Will It Arrive?

by Stephen Mark Golden

Copyright August 8, 1987

 

The tribe awaited anxiously, nervously, as the time of dawn approached. "Will it arrive?", one grunted to another in what could scarcely be called language. A ghastly look of fear was on each of their faces.

It had always arrived before. It had been the standard around which everything revolved. No proper morning could occur without it. But now, its arrival was in question.

There had been a terrible dispute with the deliverers the previous evening. Those bringers of warning threatened to extract an undeserved portion of tribe's sustenance. It wasn't fair! The tribe had given their alms! Now they were being requested to give again! How many more times would it happen? How much of their sustenance could they spare?

Curses promulgated from the mouths of these harbingers of doom. At one point it seemed violence was inevitable, but the deliverers departed with one final curse: "The Great Provider will no longer provide his warmth and light upon your tribe! You will live the remainder of your lives in darkness, unless you pay your alms!"

It was a terrible thing to say. What made the matter worse, was the fact that the deliverers were able to accomplish such an event! Without the presence of the daily light, there would be no day! Life could be sustained without food for a time; water could be obtained from numerous sources; but without this essential source, no work could be performed.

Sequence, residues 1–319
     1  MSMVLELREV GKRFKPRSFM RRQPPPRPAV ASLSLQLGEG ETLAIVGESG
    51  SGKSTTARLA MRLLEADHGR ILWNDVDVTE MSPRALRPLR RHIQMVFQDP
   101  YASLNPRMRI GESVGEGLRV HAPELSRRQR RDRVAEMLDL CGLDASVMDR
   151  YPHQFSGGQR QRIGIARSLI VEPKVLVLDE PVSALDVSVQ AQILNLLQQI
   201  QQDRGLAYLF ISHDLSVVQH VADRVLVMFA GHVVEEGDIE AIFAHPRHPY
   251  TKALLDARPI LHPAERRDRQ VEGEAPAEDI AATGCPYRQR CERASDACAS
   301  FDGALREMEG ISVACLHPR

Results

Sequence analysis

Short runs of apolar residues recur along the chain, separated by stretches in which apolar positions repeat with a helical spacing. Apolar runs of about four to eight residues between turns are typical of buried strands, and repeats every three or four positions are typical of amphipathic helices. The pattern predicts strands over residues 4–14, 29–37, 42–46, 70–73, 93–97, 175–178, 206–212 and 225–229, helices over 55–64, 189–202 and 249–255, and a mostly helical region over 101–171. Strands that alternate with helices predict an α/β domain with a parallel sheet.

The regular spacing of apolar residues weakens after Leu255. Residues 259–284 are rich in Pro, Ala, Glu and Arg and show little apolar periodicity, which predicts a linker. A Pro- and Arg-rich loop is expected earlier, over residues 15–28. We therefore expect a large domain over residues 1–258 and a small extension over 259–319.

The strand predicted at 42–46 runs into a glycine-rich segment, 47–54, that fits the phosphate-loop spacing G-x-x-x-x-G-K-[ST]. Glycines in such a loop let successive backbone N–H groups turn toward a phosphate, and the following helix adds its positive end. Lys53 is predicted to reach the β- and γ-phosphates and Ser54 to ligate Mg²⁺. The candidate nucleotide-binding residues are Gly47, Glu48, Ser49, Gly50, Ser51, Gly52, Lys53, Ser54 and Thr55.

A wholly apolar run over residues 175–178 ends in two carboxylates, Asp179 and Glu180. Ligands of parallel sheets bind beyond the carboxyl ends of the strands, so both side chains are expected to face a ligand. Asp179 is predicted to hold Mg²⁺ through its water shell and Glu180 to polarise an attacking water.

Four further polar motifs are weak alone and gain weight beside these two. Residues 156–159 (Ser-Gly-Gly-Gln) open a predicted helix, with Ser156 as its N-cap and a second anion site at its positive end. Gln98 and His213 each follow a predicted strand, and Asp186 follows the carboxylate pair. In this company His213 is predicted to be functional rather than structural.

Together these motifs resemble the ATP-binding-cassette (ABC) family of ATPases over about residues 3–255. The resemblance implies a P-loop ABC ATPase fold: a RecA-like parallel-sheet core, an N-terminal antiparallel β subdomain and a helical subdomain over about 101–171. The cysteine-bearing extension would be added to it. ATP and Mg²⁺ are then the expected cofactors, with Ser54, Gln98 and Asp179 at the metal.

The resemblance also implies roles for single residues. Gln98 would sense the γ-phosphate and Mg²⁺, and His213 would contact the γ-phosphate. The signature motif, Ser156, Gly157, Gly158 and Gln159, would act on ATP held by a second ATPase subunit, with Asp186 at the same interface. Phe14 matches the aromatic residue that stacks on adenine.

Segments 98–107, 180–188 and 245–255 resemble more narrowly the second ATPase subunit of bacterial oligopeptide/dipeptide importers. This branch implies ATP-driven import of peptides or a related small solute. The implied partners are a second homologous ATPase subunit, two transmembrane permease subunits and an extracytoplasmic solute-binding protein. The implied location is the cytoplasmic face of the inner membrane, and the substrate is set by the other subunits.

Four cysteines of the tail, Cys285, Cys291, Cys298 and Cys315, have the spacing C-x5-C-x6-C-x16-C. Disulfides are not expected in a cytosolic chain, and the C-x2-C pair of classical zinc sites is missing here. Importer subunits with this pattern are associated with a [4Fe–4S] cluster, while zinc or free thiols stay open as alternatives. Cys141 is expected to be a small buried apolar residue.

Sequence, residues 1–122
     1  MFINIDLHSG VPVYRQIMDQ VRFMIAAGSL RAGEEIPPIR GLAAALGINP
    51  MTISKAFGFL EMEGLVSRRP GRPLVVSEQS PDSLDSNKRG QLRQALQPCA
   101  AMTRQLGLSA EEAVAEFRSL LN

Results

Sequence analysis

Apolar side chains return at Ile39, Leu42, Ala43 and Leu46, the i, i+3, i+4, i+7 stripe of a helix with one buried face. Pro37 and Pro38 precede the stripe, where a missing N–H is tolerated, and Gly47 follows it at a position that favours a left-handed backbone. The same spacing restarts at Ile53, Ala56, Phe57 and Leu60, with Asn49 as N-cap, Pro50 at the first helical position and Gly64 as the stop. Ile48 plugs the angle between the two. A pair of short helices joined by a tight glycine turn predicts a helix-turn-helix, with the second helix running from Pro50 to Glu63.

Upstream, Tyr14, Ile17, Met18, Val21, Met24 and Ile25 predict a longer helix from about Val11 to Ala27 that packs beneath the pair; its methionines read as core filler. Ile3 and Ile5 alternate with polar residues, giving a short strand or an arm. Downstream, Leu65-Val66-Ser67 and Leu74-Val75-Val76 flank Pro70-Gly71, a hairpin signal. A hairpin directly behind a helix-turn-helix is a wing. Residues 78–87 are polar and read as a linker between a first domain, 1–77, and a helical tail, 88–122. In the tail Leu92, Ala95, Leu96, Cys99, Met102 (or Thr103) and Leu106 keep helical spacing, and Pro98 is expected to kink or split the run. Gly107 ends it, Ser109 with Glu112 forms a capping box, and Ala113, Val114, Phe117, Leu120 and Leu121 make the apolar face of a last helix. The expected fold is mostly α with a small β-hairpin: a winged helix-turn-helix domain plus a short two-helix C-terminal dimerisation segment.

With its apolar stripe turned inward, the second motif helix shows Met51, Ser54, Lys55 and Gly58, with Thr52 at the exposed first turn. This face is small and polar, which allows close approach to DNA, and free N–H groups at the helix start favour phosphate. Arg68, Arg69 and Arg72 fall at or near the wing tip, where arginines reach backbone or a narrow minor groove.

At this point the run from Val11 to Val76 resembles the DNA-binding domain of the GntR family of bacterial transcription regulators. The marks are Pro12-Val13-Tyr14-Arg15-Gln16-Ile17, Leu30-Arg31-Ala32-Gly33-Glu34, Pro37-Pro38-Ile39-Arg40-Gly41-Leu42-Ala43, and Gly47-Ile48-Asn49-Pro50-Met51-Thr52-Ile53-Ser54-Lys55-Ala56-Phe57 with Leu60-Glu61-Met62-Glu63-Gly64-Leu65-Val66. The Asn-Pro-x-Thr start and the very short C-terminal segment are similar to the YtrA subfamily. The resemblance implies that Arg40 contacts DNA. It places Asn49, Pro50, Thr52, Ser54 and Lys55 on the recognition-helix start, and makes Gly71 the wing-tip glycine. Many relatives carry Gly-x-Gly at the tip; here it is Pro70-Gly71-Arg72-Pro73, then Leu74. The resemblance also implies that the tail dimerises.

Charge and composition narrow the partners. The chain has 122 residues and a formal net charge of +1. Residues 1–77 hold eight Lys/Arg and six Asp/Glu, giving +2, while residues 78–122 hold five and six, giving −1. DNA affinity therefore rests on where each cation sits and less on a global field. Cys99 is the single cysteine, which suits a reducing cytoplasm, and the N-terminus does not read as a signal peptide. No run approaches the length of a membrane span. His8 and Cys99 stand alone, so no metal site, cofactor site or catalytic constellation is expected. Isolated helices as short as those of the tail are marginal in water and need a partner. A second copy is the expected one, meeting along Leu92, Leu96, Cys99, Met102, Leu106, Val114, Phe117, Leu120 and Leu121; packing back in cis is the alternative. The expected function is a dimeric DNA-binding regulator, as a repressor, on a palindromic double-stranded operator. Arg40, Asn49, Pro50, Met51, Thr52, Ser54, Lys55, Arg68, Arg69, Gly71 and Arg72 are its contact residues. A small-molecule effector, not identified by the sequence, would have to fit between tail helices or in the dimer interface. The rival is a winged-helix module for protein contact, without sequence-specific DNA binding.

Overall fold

Throughout the night, they kept vigil. Watching for any sign that might indicate unusual activity. The women and children trembled with fear. The men hid their tremendous anxiety as best they could. But they all wondered; they all worried. Their sources of heat and light were kept burning brightly all night. The question of life itself wearied upon their minds.

Would it arrive?

Several times during the watch, there were false alarms. Unexplained noises, movements in the distance, and sometimes just heightened imaginations resulted in the arousal of the others for nothing.

It was such a horrible ordeal, and yet, they were willing to endure it on the principle of not paying alms for the same service twice. The agreement had been made with the providers. The bargain had been kept by the tribe, but the deliverers who were sent to receive the alms had not kept close records of collection -- or they were skimming off the excess they could receive by collecting from the various tribes multiple times.

The darkness seemed to hang on longer than usual. As dawn approached, a heavy fog settled in, obscuring the view of those on watch to no more than twenty or thirty feet.

Then, there was the sound of approaching footsteps. An occasional "thump" was heard at various intervals. The sound became louder with each moment that passed. The tribe leaders instructed everyone to hide. Only a selected few were granted the privilege of gazing out from their places to see whether "it would arrive."

And then, in a moment of fury, the fog parted long enough to reveal a cylindrical object being hurled at the dwelling of the tribe. Those who were watching hid their faces. It landed with the loud "thump" they had heard intermittently in the minutes before.

After a few moments, the leaders looked out from their places . . .

It had arrived!

There was much joy! The deliverers had either recanted on their threats, or recounted their collection tickets. The providers of The Daily Light had come through! The morning paper had arrived!